A recent attempted crackdown on close-passing drivers in Bath had to be aborted due to insufficient traffic speed. Police had hoped to educate drivers who passed too close to cyclists on Friday, but heavy traffic on Lower Bristol Road meant that those on bikes were actually the ones who were passing motorists.
Avon and Somerset police last week announced that it would be carrying out a close-pass crackdown on two ‘hotspot roads’ which often see near-misses.
However, The Bath Chronicle reports that only one driver was stopped in Bath as the traffic was too slow.
Officers reacted by moving further along the A4, but motorists were said to be leaving plenty of room on what is a much wider road.
Chief Inspector Kevan Rowlands, head of road safety for the force, said:
“Only one driver was stopped in Bath but there was lots of passing interest. The operation is not just about the motorists and cyclists stopped, it is about raising awareness of the danger caused to cyclists by motorists passing too closely.
“The reason we didn’t stop many vehicles is that the traffic flow at the time of the operation was too slow. Our cyclists were not being passed by traffic – it was the other way round.
“We did go further out along the A4 but we were pleased to see that car drivers were leaving plenty of room for the cyclists at that location.
“The operation was a success in raising awareness but it was the first time it had been run in the Avon and Somerset area and we will review the timing and location for next time.”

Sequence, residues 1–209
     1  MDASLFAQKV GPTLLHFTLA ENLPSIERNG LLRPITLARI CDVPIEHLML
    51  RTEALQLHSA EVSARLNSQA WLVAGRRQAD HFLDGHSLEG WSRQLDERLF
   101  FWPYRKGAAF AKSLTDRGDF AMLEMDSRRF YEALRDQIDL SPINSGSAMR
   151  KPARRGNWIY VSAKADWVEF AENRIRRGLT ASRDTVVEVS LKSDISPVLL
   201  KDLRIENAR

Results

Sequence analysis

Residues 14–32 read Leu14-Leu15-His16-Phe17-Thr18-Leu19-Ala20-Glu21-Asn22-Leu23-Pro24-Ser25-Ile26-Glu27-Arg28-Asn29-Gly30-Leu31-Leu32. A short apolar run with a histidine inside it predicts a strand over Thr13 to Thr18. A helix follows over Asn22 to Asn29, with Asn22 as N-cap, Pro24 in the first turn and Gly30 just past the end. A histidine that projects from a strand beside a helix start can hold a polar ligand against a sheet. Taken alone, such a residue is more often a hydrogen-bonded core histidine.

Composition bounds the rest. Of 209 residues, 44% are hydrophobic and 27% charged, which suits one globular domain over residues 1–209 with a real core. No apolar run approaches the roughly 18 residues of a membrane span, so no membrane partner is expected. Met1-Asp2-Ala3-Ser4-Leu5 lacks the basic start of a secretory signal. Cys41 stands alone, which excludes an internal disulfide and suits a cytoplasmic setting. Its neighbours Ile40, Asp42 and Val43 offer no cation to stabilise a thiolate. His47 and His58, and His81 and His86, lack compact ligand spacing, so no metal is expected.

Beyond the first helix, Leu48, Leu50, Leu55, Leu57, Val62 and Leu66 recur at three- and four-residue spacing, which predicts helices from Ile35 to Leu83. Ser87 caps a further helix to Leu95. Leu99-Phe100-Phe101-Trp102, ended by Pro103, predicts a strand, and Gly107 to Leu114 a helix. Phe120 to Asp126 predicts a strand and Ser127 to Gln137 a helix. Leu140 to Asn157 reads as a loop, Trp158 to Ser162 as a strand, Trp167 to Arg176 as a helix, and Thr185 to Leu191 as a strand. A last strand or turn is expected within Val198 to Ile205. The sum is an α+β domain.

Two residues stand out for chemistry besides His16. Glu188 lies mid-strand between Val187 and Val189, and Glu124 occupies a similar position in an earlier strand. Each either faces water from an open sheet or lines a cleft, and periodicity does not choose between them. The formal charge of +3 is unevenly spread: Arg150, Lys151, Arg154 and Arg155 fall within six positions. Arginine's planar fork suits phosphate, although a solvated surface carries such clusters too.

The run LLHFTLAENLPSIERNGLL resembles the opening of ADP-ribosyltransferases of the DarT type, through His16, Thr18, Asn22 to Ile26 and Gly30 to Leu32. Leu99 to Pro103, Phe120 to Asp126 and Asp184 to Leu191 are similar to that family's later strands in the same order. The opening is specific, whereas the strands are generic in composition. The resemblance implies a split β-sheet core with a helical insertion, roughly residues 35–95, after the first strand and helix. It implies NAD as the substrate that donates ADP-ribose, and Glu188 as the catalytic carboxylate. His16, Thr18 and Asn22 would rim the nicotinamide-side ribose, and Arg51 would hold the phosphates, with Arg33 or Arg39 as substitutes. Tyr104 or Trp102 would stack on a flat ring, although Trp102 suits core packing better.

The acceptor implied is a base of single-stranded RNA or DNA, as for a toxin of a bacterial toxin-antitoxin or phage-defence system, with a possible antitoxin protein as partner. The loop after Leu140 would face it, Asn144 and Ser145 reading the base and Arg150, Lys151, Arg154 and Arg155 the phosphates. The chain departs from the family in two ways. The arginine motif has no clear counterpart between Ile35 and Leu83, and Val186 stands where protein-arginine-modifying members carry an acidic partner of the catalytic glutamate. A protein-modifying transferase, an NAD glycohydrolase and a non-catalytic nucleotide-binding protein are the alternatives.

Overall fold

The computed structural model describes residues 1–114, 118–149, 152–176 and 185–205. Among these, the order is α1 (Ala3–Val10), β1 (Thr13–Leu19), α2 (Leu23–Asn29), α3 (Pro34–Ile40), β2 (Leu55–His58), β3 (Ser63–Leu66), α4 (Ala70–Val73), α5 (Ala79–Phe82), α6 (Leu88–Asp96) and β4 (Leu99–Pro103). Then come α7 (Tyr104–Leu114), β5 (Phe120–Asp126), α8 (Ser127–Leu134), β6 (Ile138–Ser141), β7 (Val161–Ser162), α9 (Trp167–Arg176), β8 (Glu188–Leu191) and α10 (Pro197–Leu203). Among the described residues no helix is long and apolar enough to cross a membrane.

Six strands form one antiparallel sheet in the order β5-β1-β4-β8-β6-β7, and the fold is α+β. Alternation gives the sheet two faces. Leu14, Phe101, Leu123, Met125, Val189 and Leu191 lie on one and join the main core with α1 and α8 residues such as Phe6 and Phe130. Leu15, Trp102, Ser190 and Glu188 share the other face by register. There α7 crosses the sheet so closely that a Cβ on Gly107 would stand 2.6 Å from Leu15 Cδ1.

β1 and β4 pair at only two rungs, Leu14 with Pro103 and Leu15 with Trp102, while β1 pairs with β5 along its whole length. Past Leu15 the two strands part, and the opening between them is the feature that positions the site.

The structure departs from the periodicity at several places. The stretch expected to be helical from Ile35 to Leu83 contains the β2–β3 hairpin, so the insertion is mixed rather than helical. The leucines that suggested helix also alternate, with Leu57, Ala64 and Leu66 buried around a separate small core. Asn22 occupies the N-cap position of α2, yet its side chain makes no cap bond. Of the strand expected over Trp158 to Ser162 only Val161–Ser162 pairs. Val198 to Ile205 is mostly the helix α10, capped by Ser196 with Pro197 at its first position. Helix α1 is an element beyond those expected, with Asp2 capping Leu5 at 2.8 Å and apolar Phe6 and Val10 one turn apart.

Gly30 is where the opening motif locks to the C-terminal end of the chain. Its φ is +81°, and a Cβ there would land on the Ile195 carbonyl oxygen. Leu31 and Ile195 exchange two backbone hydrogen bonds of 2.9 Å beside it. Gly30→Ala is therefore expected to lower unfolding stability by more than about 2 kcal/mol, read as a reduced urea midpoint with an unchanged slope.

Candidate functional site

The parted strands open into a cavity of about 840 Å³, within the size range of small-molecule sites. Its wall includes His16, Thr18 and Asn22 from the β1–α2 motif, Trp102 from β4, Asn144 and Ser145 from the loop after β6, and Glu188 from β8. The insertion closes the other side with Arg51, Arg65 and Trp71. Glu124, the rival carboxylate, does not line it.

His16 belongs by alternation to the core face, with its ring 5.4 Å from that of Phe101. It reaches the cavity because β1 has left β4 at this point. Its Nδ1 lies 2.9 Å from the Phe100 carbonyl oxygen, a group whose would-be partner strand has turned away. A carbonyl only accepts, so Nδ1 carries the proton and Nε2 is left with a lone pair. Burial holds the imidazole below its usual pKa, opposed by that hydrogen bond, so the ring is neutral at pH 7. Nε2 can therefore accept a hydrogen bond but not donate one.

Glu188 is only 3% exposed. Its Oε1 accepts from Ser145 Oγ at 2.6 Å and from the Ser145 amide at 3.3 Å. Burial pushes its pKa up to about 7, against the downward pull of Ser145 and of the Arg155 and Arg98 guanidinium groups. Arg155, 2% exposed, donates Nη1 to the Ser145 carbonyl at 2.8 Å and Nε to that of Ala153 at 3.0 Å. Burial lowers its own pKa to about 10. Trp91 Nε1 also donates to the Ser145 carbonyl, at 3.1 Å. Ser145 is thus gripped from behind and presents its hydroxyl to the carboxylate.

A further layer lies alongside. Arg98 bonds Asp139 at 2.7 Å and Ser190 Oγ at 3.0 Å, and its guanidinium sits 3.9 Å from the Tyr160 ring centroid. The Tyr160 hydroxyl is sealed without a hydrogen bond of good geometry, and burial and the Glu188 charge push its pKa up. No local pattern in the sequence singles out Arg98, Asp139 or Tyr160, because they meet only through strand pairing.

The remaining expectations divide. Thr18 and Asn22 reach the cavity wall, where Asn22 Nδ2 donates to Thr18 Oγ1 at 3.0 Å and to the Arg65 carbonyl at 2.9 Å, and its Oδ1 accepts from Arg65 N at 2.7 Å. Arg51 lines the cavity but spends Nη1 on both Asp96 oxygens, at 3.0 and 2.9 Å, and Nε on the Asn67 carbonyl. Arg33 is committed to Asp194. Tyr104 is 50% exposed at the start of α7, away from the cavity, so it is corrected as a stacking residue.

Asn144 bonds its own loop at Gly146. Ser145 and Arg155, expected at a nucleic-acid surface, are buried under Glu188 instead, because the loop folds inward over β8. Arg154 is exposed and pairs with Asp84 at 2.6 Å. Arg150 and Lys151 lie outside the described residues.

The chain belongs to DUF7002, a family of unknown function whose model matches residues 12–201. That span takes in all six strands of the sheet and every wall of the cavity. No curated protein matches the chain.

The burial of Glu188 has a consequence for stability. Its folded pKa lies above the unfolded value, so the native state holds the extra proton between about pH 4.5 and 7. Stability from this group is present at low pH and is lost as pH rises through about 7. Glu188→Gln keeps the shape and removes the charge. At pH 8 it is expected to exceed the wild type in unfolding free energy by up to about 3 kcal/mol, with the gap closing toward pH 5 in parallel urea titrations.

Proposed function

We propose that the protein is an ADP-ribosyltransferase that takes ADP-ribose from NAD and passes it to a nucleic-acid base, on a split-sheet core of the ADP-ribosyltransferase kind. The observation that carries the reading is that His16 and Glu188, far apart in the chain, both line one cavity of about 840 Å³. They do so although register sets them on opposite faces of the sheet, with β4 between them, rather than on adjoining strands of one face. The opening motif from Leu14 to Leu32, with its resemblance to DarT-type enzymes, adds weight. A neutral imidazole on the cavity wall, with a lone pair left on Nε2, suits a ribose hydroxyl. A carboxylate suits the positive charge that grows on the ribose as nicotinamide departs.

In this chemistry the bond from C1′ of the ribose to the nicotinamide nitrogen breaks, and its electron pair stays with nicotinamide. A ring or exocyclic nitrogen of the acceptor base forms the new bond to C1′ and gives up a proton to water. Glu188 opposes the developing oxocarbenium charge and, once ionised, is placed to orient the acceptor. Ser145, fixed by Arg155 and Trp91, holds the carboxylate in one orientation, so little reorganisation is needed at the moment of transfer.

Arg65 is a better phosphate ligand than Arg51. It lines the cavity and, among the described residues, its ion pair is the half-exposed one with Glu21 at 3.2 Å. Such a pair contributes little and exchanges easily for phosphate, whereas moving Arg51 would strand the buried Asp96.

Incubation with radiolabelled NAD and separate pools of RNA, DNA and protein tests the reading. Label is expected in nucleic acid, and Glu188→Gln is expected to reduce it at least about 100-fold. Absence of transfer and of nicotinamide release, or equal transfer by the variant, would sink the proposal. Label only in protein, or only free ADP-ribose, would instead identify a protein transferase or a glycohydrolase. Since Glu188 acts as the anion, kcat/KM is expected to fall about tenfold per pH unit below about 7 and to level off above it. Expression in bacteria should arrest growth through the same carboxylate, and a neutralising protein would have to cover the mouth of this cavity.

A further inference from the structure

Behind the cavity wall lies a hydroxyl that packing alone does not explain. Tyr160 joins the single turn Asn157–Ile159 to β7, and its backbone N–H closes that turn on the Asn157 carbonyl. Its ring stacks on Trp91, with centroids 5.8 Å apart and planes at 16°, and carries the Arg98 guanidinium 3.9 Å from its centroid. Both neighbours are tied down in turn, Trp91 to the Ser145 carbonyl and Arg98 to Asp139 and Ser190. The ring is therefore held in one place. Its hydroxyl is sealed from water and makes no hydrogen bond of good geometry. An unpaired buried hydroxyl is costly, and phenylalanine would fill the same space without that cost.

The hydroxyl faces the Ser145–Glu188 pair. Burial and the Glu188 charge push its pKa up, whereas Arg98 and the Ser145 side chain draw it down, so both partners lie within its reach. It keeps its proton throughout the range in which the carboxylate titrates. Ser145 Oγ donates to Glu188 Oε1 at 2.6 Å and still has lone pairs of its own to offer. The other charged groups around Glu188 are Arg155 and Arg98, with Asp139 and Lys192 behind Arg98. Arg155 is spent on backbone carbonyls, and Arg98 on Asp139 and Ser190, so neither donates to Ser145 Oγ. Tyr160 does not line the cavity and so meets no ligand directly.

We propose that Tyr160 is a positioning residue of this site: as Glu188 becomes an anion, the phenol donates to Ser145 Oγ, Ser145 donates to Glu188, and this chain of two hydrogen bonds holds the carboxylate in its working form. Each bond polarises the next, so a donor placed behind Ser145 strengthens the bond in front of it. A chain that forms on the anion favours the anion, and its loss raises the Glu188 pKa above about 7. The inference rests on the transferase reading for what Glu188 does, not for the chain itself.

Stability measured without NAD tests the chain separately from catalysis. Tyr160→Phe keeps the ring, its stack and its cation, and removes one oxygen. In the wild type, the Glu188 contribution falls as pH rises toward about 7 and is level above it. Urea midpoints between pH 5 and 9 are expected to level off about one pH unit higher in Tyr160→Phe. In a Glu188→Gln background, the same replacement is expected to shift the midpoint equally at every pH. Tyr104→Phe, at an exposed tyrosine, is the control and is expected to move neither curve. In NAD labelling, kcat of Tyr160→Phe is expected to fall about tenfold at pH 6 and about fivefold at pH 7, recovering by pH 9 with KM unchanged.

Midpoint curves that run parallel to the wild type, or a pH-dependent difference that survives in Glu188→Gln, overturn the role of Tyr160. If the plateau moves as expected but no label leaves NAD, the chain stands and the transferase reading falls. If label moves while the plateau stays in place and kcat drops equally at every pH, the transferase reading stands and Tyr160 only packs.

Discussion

The equivalent operation in Bristol was slightly more eventful. Seven drivers and two cyclists were stopped by officers, while one driver was reported for careless driving and no MOT.
Local cycle commuters – including those in the road.cc office – could have pointed Avon and Somerset Police towards a number of roads in the area where the traffic moves freely even during the rush hour and which are well known among local cyclists as close passing blackspots.
Southbound leaving Bath on the A367 Wells Road, an uphill stretch that climbs for about a mile from the city centre features pinch points near the top between which traffic accelerates.
Traffic is heavy and relatively fast moving at all times during the day with a lot of lorries and buses. There is a hospital, a number of schools, and large supermarket at the top, so shift workers and youngsters can be seen cycling up this road during the day. (Closest pass: editor Tony reckons he could have written his name with his elbow in the dust on a large HGV if he hadn’t been busy concentrating on not being knocked under it.)
The A4 between Saltford and Keynsham roundabout is another route used by a lot of cycle commuters as it’s a much more direct route if you are travelling between Bath and central, south or west Bristol. Traffic flows freely at either end of this section.
North Road/Claverton Down Road through Combe Down may be all clogged up in parts during rush hour but other sections are quicker moving. Loads of school kids cycle along it to Ralph Allen secondary school. The road connects the school, Wessex Water HQ, and Bath University plus a number of local routes out of town, but it's also a rat run for people trying to get round Bath from the A36. It's narrow and not suited to the volume of traffic using it.
On Upper Bristol Rd, the cycle lane disappears at various times going out towards Windsor Bridge and traffic is usually heavy. At the traffic lights there’s an advanced stop line, but motor traffic often tries to accelerate past when the lights change so that they don’t get stuck behind cyclists on the slope up towards the Weston Pub. With the road ahead narrower, this often results in close passes.
The B3110 is as busy as an A road (albeit without HGVs) and on the 1.5 miles from Hinton to the Two Tunnels route in Midford cyclists will regularly be skimmed.